(This post is going to get me into so much trouble! Wait for it.)
Dani the Art teacher called me last night to talk about the boys in my class. (There are five of them who are all in the vicinity of 13 years old.) She had a terrible time getting them interested in her art lessons. She gave them several options and got five flat out rejections. She asked them what they might be interested in doing instead and got almost no response. They agreed to think about it and make a list by the end of the school day. No list was made.
Two nights earlier, there had been a parents’ evening and the subject of internet/computer games became a surprisingly hot topic among the parents of these same five boys. It made me think about my own lessons with them and realize how much harder it had become to motivate them in recent weeks. To begin with, they were always tired. (As I know now, it is because a lot of them are playing late into the night.) Secondly, the only topics that really seem to light their fires and get them talking are all related to computers and games. Unfortunately I am completely uncool in this area. I can hardly understand, much less participate in, their discussions of . . . Grand Theft Call of Mind Warcraft Duty. Or whatever.
As Dani and I were talking about how to deal with this situation, I suggested she try to find something that is related to what we are learning about in other subjects – and right now that is inventors and inventions. A few of the boys have shown signs of interest, even intrigue. Suddenly I remembered a book that my brothers had made when we were kids. They had designed and drawn complex machines for various silly purposes like feeding the dog or catching a mouse. They taped their designs into a notebook and called them “The Inventions of the Great 3N Company”. I described the designs a little to Dani and that got her mind racing toward a whole new set of ideas.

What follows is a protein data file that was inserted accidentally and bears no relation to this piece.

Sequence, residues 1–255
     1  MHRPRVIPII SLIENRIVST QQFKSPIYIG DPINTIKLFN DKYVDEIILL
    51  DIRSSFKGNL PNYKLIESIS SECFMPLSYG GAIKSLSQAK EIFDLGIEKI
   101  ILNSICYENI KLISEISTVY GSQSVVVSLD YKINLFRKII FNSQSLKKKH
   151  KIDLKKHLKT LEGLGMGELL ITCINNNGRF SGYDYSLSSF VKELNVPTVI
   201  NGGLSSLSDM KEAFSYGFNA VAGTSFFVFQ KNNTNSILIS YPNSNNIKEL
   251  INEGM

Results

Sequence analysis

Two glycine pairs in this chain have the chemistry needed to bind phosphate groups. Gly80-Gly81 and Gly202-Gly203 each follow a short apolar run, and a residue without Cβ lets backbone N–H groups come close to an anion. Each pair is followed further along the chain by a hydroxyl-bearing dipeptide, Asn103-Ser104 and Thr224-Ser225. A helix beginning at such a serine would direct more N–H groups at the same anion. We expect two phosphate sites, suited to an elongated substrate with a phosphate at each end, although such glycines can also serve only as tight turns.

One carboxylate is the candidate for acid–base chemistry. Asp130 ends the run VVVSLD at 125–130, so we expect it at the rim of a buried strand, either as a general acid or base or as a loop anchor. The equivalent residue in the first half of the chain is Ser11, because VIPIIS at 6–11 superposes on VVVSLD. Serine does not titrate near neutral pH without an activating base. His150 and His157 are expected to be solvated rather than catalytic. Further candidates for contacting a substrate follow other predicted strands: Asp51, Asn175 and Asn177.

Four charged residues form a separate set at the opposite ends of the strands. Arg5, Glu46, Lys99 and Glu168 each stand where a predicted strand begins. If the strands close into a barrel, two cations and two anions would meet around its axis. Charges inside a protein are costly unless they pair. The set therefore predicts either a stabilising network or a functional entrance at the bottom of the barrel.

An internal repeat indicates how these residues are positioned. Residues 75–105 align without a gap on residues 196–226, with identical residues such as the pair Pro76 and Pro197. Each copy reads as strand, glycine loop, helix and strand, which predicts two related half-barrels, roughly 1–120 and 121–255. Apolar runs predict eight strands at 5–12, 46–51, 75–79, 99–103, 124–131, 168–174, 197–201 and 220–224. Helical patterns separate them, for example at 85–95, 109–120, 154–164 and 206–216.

After the call, it occurred to me that I had seen this notebook fairly recently and that it could very well be in my own house that very instant. I went rummaging through shelves and boxes and files, and . . . wahlah!
Something about this book was special enough for me to let it travel eastward across the Atlantic to Austria after one of my visits home. I suppose I might have asked my brothers first if I could have it, but, let’s face it, that is doubtful. I more likely stole it – or let’s be generous and say “appropriated” it.
I wandered around my house looking for other objects I had appropriated over the years. It turned out to be quite a collection. My father’s dog tags and his commemorative university graduation beer stein. A friendship bracelet with his and my mother’s names engraved into it – which dates back to their high school years in the 1940s. A paperweight that stood on my grandfather’s desk and some ceramic dogs always on display in my grandmother’s bedroom. Treasures, all of them. Things I visited and revisited in my childhood, things I stared at and played with. Things that somehow captured my imagination and meant something to me.
Now that I have confessed to my crimes, I can only hope that my siblings did some appropriating of their own over the years. Surely these can’t be the only objects of our shared upbringing. She says hopefully.
I wonder if my five computer-crazed school boys can notice and be fascinated by such simple, real objects in the world around them. Or conversely, if 50 years from now, they will have memories and associations with whatever they are experiencing while looking into a screen for hours on end.
Will they keep memories like these in little treasure boxes and feel nostalgia when they rediscover them decades later?